# Intro ¶

Anonymous types have been in C# since version 3.0 which makes it quite a mature and classic feature. On the contrary, anonymous records are in F# only since version 4.6 (which has only been released earlier this year). Both features serve a similar purpose. They enable developer to bundle a bunch of read-only properties into an ad-hoc inline-declared type.

# Usage examples ¶

Full examples can be found here.

Selecting a subset of available properties.

var names = from p in persons
select new { Name = p.FirstName };

let names = query {
for p in persons do
select {|Name = p.FirstName|}
}


Deserializing a JSON object into an anonymous type/record object.

{
"success": true,
"message" : "Processed!",
"code" : 0,
"id": "89e8f9a1-fedb-440e-a596-e4277283fbcf"
}

// please note: System.Text.Json serializer does not support classes
// without parameterless constructors out of the box
// a custom converter would be needed (like in the F# example)

T Deserialize<T>(T template) => JsonSerializer.Deserialize<T>(input);

var result = Deserialize(template: new { success = false, id = Guid.Empty });

if (result.success) Console.WriteLine(result.id);
else throw new Exception("Error");

// using a custom converter from FSharp.SystemTextJson package
let opts = JsonSerializerOptions()

let result = JsonSerializer.Deserialize<{|success:bool; id:Guid|}>(input, opts)
if result.success then printfn "%A" (result.id)
else failwith "Error"


I am using the new System.Text.Json serializer. It does not support read-only types out of the box so the C# example does not work. In the F# example I use a third-party package: FSharp.SystemTextJson. As far as language usage is concerned you can see in C# I need an additional generic method and a template object. On the other hand, in F# I can satisfy the type parameter by providing type definition in-line.

var dob = new DateTime(2000, 12, 12);
var data = new { FirstName = "Alice", LastName = "Smith", DateOfBirth = dob };
Console.WriteLine(new { data.FirstName, LastName = "Jones", data.DateOfBirth });

let dob = DateTime(2000, 12, 12)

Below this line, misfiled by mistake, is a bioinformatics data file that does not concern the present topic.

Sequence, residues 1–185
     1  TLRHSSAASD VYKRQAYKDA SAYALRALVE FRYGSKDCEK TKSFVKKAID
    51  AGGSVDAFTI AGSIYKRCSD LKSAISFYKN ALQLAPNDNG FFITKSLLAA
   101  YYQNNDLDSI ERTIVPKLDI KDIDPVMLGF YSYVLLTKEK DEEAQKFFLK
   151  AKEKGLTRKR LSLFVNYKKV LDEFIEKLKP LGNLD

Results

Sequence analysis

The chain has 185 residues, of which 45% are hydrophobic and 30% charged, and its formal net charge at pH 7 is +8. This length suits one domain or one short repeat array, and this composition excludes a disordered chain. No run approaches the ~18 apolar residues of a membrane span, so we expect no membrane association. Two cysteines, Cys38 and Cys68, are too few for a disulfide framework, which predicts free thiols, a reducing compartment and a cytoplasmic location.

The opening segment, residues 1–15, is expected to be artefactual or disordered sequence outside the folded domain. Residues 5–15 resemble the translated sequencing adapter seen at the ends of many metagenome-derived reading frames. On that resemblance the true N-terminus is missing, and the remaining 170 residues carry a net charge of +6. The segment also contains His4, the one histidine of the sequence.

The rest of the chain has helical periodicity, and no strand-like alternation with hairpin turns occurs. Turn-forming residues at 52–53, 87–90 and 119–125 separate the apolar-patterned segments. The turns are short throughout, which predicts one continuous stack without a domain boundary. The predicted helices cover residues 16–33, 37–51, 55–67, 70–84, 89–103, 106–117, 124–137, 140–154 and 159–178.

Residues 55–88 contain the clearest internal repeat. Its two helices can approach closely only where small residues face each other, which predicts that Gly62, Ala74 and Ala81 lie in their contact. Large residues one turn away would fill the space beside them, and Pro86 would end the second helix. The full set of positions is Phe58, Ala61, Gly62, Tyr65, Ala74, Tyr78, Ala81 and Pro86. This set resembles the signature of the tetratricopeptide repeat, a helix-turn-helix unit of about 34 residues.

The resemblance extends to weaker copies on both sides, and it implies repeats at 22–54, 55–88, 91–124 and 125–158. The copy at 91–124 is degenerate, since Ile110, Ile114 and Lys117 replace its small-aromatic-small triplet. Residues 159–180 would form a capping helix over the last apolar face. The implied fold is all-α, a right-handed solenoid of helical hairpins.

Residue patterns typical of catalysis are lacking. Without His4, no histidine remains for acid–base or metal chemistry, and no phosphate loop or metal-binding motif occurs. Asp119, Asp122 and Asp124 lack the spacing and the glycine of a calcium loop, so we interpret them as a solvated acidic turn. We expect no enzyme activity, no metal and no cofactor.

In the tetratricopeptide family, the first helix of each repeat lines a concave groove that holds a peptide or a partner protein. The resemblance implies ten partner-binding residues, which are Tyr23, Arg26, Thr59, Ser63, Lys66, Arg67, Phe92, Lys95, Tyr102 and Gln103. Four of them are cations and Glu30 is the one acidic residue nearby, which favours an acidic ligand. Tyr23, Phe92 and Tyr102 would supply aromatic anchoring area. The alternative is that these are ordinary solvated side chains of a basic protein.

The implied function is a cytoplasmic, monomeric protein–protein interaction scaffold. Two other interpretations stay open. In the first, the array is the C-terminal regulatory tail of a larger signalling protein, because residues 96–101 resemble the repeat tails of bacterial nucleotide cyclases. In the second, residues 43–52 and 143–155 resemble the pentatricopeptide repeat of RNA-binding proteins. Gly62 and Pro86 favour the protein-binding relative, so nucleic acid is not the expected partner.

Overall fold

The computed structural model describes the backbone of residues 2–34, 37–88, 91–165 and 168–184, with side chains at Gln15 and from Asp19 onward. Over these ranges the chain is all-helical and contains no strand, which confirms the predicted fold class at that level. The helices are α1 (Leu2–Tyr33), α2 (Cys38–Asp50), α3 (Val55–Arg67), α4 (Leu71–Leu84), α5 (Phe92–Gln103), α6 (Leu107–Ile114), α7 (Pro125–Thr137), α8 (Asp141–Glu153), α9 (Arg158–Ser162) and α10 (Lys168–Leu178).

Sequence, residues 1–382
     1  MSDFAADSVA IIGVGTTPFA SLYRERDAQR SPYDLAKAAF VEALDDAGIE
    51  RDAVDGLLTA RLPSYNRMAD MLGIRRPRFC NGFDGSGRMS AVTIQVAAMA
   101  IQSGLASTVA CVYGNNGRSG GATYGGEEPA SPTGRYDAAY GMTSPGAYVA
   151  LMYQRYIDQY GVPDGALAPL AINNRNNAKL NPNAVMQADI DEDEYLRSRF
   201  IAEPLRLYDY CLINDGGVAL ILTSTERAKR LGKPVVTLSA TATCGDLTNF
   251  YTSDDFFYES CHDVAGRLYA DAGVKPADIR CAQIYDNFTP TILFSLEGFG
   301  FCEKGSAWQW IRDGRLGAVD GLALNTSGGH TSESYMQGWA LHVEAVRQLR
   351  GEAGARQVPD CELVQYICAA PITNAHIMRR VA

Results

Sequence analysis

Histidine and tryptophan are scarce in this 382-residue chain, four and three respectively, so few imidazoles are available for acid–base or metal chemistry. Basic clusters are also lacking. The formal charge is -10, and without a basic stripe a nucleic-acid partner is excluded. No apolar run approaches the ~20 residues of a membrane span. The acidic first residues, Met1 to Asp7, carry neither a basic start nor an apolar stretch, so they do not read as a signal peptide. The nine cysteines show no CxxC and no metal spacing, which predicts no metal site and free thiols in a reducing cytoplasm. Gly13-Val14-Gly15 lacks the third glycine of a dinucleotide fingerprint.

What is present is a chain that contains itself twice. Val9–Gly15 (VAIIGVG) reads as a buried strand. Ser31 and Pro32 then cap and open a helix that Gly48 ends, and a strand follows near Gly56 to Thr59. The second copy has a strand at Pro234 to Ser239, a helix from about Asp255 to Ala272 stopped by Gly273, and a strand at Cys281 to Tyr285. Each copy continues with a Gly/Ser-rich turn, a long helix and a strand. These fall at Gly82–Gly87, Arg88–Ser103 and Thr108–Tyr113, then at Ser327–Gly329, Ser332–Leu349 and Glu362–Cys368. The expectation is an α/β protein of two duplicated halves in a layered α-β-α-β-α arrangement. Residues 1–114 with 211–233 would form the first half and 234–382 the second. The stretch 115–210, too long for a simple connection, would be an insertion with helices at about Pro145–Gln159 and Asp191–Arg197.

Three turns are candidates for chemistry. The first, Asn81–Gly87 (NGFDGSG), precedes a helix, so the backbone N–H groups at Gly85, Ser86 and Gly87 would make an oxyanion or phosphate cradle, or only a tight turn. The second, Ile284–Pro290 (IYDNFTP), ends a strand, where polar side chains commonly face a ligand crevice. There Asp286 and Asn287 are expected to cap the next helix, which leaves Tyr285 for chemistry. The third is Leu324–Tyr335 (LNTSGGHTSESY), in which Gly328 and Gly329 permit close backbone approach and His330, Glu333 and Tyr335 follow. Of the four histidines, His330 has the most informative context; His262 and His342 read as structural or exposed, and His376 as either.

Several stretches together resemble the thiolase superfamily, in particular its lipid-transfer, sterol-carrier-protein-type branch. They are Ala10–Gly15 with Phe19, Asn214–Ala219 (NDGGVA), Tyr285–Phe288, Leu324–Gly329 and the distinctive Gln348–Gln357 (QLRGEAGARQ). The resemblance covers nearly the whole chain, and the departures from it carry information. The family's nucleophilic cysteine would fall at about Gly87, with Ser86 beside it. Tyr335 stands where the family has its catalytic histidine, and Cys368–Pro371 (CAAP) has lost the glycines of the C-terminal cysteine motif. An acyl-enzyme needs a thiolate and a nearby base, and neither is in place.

let data = {| FirstName = "Alice"; LastName = "Smith"; DateOfBirth = dob |}
printfn "%A" {| data with LastName = "Jones" |}


Thanks to F#’s built-in copy and update expressions, i.e. the with syntax, copy and update operation is far simpler with anonymous types. In C# all the properties must be manually copied. On the plus side, property names are automatically inferred.

var dob = new DateTime(2000, 12, 12);
var r1 = new { FirstName = "Alice", LastName = "Smith", DateOfBirth = dob };
var r2 = new { FirstName = "Alice", LastName = "Smith", DateOfBirth = dob };
// false
var referentialEq = r1 == r2;
// true
var structuralEq = r1.Equals(r2);

let dob = DateTime(2000, 12, 12)
let r1 = {| FirstName = "Alice"; LastName = "Smith"; DateOfBirth = dob |}
let r2 = {| FirstName = "Alice"; LastName = "Smith"; DateOfBirth = dob |}
// false
let referentialEq = obj.ReferenceEquals(r1, r2)
// true
let structuralEq = r1 = r2


Structural equality is supported both in C# and F#. However, be careful with the way comparison is performed. In F# structural equality is verified via the equality operator (=). This is not true for C# though. The equality operator in C# (==) for reference types by default performs a referential equality check. To get structural comparison the Equals method must be used as explained in the last paragraph of the Remarks section.

# F#-only features ¶

C# anonymous types are always classes. In F# structs are supported too:

let p = struct {| Id= 10; Value = "Test" |}


# Limitations (F#) ¶

Pattern matching is the bread and butter of F# so it hurts quite a lot. More on this limitation here.

# Outro ¶

Anonymous records in F# serve similar purpose but are more powerful than anonymous types in C#. I find them particularly useful in prototyping scenarios where you can iterate quickly without defining named types/records. However, lack of pattern matching support slightly impairs their usefulness.